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N. A. Chaudhry, V. A. Kon Jara, H. Tabandeh, W. F. Mieler, P. E. Liggett; Intravitreal Anti-VEGF Therapy for Exudative Age-Related Macular Degeneration in the Presence of Significant Macular Pucker. Invest. Ophthalmol. Vis. Sci. 2010;51(13):550.
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To evaluate the effect of significant macular pucker on the visual and anatomic outcomes of intravitreal anti-VEGF therapy for exudative age-related macular degeneration (ARMD).
We retrospectively reviewed all cases of active exudative ARMD with significant macular pucker treated with periodic intravitreal anti-VEGF therapy. Diabetic eyes were excluded.Snellen visual acuity and Optical coherence tomography (TD-OCT) were performed during each visit. Fluorescein angiography and intravitreal injection of 0.5 mg of Ranibizumab or 1.25 mg of Bevacizumab were administered whenever indicated. Outcome measures included visual acuity and central macular retinal thickness on OCT.
Eleven eyes of 10 patients were included in the study. Seven were male and 4 female with a mean age of 78.2 years. Visual outcomes were variable, 4 patients improved by three lines or more, 5 patients remained stable and 2 patients got worse. Complete resolution of subretinal fluid was seen but improvement in intraretinal edema and central retinal thickness were minimal. This later finding appeared to be secondary to the epiretinal membrane and may not be related to the activity of the choroidal neovascular membrane. Absence of leakage on FA was used in initiating drug-free interval. Macular pucker removal was not performed in any of the study eyes.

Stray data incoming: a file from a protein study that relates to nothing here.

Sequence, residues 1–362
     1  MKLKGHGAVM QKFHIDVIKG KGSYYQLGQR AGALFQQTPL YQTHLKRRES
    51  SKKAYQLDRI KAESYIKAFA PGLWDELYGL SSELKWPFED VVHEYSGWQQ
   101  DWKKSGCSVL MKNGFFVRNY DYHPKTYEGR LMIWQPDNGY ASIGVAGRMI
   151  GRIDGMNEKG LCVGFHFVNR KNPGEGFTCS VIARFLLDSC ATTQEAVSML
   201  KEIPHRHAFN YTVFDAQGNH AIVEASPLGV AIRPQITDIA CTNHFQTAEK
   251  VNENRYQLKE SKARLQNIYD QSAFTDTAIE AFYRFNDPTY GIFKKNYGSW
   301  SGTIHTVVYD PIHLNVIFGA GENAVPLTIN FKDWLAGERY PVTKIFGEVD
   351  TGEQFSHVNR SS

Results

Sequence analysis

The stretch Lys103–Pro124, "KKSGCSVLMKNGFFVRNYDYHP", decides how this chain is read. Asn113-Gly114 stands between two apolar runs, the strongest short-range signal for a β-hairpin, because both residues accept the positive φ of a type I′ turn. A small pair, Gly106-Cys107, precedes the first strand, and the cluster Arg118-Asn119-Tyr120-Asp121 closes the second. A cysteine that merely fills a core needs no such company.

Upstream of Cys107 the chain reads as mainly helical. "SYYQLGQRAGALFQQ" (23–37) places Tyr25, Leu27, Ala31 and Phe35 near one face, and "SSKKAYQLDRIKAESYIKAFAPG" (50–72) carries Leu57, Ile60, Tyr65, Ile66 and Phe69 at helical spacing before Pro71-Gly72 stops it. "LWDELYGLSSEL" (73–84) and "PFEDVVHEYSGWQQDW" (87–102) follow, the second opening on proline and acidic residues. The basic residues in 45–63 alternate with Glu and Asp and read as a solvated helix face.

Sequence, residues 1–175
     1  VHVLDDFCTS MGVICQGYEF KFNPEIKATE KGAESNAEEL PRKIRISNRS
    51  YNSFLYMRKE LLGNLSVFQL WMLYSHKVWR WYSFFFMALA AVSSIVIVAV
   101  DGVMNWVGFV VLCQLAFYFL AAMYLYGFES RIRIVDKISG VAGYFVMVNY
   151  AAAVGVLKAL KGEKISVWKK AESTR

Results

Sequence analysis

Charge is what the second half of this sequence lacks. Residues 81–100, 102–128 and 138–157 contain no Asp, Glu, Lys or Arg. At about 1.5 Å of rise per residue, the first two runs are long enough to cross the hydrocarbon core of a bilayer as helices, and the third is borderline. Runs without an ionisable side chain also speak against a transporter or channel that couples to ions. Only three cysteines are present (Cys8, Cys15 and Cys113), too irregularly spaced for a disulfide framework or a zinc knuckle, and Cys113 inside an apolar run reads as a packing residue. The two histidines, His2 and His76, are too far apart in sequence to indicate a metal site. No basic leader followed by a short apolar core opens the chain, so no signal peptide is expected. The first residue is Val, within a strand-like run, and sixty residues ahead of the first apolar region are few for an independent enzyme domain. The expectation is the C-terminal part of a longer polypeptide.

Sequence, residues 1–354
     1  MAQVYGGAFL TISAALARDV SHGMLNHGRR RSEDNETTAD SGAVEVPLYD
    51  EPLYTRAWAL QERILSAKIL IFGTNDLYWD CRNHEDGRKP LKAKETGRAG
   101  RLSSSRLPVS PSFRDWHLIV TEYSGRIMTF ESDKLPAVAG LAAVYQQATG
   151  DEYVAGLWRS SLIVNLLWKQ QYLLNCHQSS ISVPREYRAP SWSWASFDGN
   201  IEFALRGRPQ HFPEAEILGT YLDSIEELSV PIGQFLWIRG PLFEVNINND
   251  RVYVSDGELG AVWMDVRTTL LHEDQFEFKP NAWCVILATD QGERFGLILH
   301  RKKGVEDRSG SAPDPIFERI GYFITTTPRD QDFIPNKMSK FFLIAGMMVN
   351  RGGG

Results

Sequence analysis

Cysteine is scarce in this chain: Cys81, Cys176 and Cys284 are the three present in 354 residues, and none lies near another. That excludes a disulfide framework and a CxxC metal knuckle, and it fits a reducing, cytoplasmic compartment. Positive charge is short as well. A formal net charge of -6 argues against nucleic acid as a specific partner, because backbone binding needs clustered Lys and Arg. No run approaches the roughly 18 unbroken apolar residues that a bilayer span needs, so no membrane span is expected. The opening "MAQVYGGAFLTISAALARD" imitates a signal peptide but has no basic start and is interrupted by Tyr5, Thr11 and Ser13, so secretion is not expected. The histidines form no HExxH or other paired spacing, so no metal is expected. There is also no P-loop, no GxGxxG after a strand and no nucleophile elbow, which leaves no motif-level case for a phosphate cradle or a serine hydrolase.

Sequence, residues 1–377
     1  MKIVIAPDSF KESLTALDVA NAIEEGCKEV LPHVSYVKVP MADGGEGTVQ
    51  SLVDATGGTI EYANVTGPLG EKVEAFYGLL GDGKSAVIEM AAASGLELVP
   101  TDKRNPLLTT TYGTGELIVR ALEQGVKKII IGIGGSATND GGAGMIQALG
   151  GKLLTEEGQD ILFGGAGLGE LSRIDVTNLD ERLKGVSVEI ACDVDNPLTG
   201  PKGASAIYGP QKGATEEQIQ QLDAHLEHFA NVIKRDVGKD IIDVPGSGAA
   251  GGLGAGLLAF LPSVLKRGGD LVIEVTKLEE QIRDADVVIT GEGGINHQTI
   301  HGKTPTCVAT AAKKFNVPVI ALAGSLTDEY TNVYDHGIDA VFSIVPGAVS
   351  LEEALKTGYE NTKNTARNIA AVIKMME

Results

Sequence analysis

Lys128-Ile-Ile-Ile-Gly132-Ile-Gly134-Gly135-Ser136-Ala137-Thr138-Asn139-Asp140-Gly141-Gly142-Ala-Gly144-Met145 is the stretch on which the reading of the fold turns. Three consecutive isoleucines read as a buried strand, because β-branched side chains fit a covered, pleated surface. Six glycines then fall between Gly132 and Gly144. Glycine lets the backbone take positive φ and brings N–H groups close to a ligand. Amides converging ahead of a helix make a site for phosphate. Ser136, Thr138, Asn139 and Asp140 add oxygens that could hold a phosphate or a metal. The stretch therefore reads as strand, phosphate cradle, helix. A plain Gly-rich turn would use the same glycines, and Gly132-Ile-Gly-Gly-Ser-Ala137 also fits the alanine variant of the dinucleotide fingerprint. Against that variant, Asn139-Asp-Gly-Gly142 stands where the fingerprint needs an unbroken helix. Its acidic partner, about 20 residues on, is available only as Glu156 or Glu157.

Intravitreal anti-VEGF therapy for exudative ARMD with concurrent macular pucker can result in successful anatomic stabilization. Visual outcomes are variable and appear to be partly limited by the concurrent epiretinal membrane. FA is valuable in detection of leakage when drug-free interval is being considered. Decision to perform macular pucker surgery in these patients is difficult and can theoretically impair the success of future anti-VEGF therapy for the exudative ARMD because of the shortened ocular half-life of the injected drug.
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